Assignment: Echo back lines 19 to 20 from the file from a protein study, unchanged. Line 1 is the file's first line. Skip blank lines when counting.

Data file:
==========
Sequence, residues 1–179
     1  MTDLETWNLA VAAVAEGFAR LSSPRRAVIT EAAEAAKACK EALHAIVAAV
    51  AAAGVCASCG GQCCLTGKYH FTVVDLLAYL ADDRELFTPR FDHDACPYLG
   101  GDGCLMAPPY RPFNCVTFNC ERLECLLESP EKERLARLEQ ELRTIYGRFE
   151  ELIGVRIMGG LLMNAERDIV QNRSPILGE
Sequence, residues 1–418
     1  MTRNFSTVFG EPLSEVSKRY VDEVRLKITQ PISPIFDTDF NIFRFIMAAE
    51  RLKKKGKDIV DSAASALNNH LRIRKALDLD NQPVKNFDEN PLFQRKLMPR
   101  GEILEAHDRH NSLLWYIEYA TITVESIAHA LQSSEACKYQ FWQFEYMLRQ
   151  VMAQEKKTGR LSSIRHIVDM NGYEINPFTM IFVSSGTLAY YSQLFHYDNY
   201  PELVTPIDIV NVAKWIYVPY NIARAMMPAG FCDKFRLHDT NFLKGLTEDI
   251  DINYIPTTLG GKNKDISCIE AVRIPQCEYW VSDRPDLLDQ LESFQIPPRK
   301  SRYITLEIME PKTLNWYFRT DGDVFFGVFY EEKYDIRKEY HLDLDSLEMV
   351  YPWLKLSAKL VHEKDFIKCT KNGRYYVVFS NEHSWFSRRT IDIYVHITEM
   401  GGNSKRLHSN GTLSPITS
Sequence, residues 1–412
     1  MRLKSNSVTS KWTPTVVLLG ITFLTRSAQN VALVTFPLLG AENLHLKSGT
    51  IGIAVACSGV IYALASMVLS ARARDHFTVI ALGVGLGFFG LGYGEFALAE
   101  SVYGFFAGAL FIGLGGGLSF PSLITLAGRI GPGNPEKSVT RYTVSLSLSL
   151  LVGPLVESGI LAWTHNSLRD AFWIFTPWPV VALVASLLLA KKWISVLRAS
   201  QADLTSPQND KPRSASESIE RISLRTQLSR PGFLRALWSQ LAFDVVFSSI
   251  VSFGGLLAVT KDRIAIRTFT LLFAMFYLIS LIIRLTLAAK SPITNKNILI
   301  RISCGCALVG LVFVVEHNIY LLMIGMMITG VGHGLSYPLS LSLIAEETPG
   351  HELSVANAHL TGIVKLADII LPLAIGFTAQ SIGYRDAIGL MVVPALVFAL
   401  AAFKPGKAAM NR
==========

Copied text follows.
   101  SVYGFFAGAL FIGLGGGLSF PSLITLAGRI GPGNPEKSVT RYTVSLSLSL
   151  LVGPLVESGI LAWTHNSLRD AFWIFTPWPV VALVASLLLA KKWISVLRAS